Work: Chuch Pandolph, chief flight nurse, North Country Life Flight
Chuck Pandolph’s “office” doesn’t have much elbow room. Located in the rear compartment of a twin-engine Bell 430 helicopter, it’s just eight feet long and three-and-a-half feet wide. Those are tight quarters, especially when he’s working on a patient who’s 6 feet 2 inches, and 250 pounds and just fractured his skull skiing at Whiteface Mountain.
Still, Pandolph’s office has one helluva view. He’s chief flight nurse for North Country Life Flight Air Medical Rescue Team. Since 1989, the not-for-profit medevac helicopter has been providing critical emergency care to New York’s North Country — at no cost to patients. Based in Saranac Lake, it serves an area from Lake Ontario to Lake Champlain, and from the southern edge of the Adirondack Park to the Canadian border. Life Flight can turn a two-hour ambulance ride into a 15-minute flight, which often means the difference between life and death for a seriously ill or critically injured patient.
Pandolph, 63, is a Saranac Lake native who’s been working with Life Flight for 21 years. Like most of its crew, he got started as a volunteer emergency medical technician, then worked in an emergency room before attending nursing school. All told, he’s been involved in medicine “in some shape or form” since 1972.
Among the nation’s 900 or so medevac helicopters, North Country Life Flight’s is unique in that it is owned, operated and dispatched by the New York State Police. The pilot and one crew member are state troopers, which means Life Flight can respond to a variety of incidents, such as car accidents, shootings, plane crashes, escaped convicts and search-and-rescue operations — “Pretty much anything you can imagine,” Pandolph says.
Just minutes after the 9/11 attacks, Life Flight was deployed to New York City, 300 miles away. During Tropical Storm Irene, Life Flight was “all over the place,” Pandolph says; in Vermont, it assisted with the rescue of a Lamoille River boater who’d gone over a dam. Life Flight doesn’t even have to land to make a rescue. Pandolph can be lowered on a cable and hoist his patient back up in a basket. And his pilot can fly in the dark using night-vision goggles.
About 80 percent of Life Flight’s patients go to Fletcher Allen Health Care, about 20 minutes by air from Saranac Lake; the rest go to hospitals in Albany or Syracuse. Though Life Flight takes just one patient at a time, it’s hardly a first-class flying experience. As Pandolph puts it, “It’s not comfort but survivability we’re looking for.” We asked him to elaborate on the tricky logistics of rescue by air.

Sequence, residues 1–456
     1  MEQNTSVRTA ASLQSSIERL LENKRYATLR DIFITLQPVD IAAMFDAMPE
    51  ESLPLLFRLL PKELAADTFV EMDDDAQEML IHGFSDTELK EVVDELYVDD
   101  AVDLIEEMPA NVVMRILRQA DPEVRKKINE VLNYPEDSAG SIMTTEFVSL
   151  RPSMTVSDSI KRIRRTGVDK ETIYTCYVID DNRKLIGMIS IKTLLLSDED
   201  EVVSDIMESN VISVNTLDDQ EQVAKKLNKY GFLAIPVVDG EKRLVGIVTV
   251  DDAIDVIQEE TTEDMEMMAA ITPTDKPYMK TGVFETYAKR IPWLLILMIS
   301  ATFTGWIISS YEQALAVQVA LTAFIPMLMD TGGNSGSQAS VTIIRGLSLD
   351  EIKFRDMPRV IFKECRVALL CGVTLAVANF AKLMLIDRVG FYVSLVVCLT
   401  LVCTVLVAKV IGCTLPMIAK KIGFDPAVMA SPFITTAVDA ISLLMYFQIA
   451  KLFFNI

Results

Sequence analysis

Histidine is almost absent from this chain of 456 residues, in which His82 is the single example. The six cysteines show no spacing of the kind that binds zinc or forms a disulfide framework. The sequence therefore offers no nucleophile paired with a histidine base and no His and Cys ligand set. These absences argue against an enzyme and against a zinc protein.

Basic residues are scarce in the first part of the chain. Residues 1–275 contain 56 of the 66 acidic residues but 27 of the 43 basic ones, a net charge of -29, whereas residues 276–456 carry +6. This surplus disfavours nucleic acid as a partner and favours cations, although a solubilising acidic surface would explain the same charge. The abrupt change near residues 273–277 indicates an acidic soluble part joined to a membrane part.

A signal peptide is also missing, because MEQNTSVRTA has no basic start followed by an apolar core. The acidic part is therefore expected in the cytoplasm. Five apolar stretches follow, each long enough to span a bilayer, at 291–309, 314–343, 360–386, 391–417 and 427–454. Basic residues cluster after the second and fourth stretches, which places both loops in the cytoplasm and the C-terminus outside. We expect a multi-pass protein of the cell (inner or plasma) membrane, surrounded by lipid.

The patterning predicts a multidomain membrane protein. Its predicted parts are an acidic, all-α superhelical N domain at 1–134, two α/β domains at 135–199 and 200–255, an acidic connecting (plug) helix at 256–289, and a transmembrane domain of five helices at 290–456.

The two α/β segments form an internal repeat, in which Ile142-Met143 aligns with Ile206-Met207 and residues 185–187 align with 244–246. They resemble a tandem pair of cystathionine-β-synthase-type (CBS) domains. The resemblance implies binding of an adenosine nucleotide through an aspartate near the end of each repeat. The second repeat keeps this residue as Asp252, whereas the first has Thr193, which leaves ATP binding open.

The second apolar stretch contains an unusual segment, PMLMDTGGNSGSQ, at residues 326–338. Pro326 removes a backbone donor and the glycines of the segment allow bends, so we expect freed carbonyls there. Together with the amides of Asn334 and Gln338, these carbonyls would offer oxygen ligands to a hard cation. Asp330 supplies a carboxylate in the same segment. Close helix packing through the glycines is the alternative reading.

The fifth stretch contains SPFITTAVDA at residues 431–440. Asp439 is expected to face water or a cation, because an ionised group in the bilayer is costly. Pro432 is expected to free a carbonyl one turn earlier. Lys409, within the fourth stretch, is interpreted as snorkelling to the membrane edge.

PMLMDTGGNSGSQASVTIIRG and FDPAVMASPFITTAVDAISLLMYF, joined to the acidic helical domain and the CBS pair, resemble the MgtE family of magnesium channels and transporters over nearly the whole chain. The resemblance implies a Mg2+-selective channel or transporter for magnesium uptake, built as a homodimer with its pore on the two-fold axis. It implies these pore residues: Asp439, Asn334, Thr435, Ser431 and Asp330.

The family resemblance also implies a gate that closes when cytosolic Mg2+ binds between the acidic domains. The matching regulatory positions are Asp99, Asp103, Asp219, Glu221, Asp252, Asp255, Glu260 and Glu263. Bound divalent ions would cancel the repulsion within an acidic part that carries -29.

SEVEN DAYS: How does flight medicine differ from working a ground ambulance?
CHUCK PANDOLPH: First of all, in most helicopters, it’s extremely difficult, if not impossible, to do CPR because of its size. You can’t hear in there, so, consequently, all your patient assessments are based on looking at them, looking at your monitors, feeling for pulses and a lot of palpitation of the chest to make sure it rises and falls. You have to use all your other senses. You can’t use a stethoscope. You’re not going to hear [sounds such as] gurgling, or even hollering sometimes. We’re sitting there with helmets on and communicate back and forth to the pilot and other crew member. Sometimes we don’t even allow the patient to communicate with us because it’s distracting.
SD: Besides extensive medical training and experience, what does it take to work a medevac helicopter?
CP: You also have to be able to sit in that environment and not get sick. It seems like a simple thing, but some people can fly forward, but if you put them in a seat that’s facing backwards, they get sick to their stomach. Air sickness is a big thing that sometimes separates people [between] doing it and not doing it.
SD: What’s it like once your patient is aboard?
CP: The helicopter, unlike a ground ambulance, is a very small box. You can’t pull over to the side of the road to sort out whatever medical emergency comes up... So you do any intervention you can before getting into that tiny little box. Then you’ve got to think of all the possible circumstances that can occur while you’re in that little box and be prepared to deal with it. For example, a simple thing like making sure that if you need to start an IV or do an intubation, you can just reach for them and not have them buried underneath something.
SD: Ever had any scary in-flight incidents?
CP: No. These pilots, I trust them with my life. I’ve flown with them for 21 years. They’re New York State Police pilots who have rigorous training and have gone through thousands of hours of flying. So they’re pretty responsible about when or when not to fly. Sure, we’ve flown through some bad weather, but I’ve never felt unsafe or in harm’s way.
SD: What’s the hardest part of your job?
CP: It’s a lot of waiting around. It’s like any fire department or rescue squad. The downtime and paperwork and logistics of keeping your credentials up to date are the hardest part for me.
SD: And the easiest part?
CP: Frankly, the easiest part is flying with the patients. As you do this and become more experienced, when you’re flying in the helicopter, you feel like that’s your office. When you get back to the [ground] and have to stay awake and do all your paperwork, that’s the hard part.
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